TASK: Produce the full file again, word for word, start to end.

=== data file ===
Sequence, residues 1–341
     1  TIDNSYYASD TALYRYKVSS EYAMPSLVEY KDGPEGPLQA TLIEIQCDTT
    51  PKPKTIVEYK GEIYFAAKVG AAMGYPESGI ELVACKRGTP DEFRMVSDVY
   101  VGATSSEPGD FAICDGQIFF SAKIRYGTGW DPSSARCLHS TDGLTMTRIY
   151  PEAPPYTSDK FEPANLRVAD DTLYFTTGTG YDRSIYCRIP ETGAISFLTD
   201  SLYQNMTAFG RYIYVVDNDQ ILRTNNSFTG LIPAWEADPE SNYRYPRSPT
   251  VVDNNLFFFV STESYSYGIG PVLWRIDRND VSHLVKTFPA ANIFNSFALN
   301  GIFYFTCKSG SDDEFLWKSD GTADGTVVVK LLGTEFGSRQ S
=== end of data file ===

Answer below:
Sequence, residues 1–341
     1  TIDNSYYASD TALYRYKVSS EYAMPSLVEY KDGPEGPLQA TLIEIQCDTT
    51  PKPKTIVEYK GEIYFAAKVG AAMGYPESGI ELVACKRGTP DEFRMVSDVY
   101  VGATSSEPGD FAICDGQIFF SAKIRYGTGW DPSSARCLHS TDGLTMTRIY
   151  PEAPPYTSDK FEPANLRVAD DTLYFTTGTG YDRSIYCRIP ETGAISFLTD
   201  SLYQNMTAFG RYIYVVDNDQ ILRTNNSFTG LIPAWEADPE SNYRYPRSPT
   251  VVDNNLFFFV STESYSYGIG PVLWRIDRND VSHLVKTFPA ANIFNSFALN
   301  GIFYFTCKSG SDDEFLWKSD GTADGTVVVK LLGTEFGSRQ S